Oop. I guess I missed the point of that question. Still, the MySQL
manual says a DATE takes 3 bytes, DATETIME 8 bytes, and TIMESTAMP 4
bytes. That seems fairly efficient. Using an INT for a date might
actually take up more space.
On Thursday, October 25, 2001, at 09:34 AM, Steve Cayford wrote:
> Yep, MySQL has DATE, DATETIME, and TIMESTAMP field types. You can order
> by them and everything.
> On Thursday, October 25, 2001, at 09:18 AM, Tim Foster wrote:
>> I'm new to this list, to PHP and to MySQL (been doing VBScript on ASP
>> for several years,
>> I'm curious...
>> If you're going to store it as an integer, why not store "10/24/2001"
>> as YYYYMMDD
>> (20011024). This gives you the added benefit of being able to have the
>> db sort your
>> fields. This even works if you want to include the time with your date
>> (provided all dates
>> in the field consistently contain the same *amount* of info). For
>> example, noon on
>> Christmas will always be lower than noon of the following New Year
>> ..as it should be:
>> YYYY/MM/DD 20011225 < 20020101
>> YYYY/MM/DD HH:MM 200112251200 < 200201011200
>> YYYY/MM/DD HH:MM:SS 20011225120000 < 20020101120000
>> I'm betting there's no easy way to sort it if you store it as MM/DD/YY
>> MM/DD/YYYY 10242001 < 12252001 (good)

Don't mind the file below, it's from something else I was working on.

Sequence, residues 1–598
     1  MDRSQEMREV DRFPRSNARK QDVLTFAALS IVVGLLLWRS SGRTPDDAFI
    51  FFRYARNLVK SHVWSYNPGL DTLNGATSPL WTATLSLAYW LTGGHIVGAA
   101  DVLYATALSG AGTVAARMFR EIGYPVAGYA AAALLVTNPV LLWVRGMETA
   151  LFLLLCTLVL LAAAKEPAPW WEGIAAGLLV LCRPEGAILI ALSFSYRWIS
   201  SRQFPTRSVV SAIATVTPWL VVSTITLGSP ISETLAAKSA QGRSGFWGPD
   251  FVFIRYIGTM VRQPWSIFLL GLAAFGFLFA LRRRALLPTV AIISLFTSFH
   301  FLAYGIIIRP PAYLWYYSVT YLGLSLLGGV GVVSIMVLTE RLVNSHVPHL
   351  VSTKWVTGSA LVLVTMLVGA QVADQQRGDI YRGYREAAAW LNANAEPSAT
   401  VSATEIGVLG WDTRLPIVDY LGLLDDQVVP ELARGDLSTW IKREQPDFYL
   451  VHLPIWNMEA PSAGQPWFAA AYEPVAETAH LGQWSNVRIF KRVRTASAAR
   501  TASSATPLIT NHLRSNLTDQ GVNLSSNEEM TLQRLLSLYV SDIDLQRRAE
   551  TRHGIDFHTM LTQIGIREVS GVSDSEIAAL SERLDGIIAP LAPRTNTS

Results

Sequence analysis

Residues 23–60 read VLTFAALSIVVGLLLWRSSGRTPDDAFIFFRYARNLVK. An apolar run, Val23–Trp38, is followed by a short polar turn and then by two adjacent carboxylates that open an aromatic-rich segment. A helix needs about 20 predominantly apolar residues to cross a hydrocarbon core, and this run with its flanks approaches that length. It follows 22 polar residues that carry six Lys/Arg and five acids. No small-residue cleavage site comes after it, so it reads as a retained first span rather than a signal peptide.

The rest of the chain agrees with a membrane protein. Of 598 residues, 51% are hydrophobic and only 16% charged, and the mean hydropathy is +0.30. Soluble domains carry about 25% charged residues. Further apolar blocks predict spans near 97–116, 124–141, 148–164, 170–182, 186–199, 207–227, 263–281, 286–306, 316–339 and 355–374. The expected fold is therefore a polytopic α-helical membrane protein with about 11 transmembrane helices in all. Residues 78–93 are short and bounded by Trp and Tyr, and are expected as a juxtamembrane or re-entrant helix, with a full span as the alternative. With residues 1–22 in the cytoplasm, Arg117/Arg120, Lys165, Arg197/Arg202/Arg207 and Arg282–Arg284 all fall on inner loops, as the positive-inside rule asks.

>> ..but NOT less than the following New Year's
>> MM/DD/YYYY 10242001 > 01012002 (bad)
>> Granted, you might take up a bit more space in the DB, which would
>> have a tiny impact on
>> performance(??), but an extra $100 on the hard drive would effectively
>> eliminate any
>> reasonable space considerations and (IMHO) reduce the amount of
>> programming/debugging to
>> more than justify the overhead.
>> FWIW, M$ likes to store their dates as two integers: one to hold the
>> date portion, the
>> other to hold the hours:minutes:seconds portion.
>> If there's something about PHP/MySQL that makes this point moot,
>> please let me know.
>> -He who always plows a straight furrow is in a rut.
>>> -----Original Message-----
>>> From: Mike Frazer [mailto:[EMAIL PROTECTED]]
>>> Sent: Wednesday, October 24, 2001 7:54 AM
>>> To: [EMAIL PROTECTED]; [EMAIL PROTECTED]
>>> Subject: Re: [PHP-DB] PHP and MySQL queries...
>>> Agreed. This is especially useful when you need to conserve every
>>> byte you
>>> can; a timestamp of "10/24/2001" or something similar is going to
>>> take 10
>>> bytes as a string and an indeterminate number of bytes for an actual
>>> timestamp because of system variations, whereas an integer value of
>>> will take you 2-4 bytes depending on the type of int you declare.
>>> Not a lot
>>> of space, but assume for a second you have 30 fields in your database
>>> and 5
>>> million rows...suddenly those 6-8 bytes have multiplied on this one
>>> alone. Space and speed are important in DBs :)
>>> Mike Frazer
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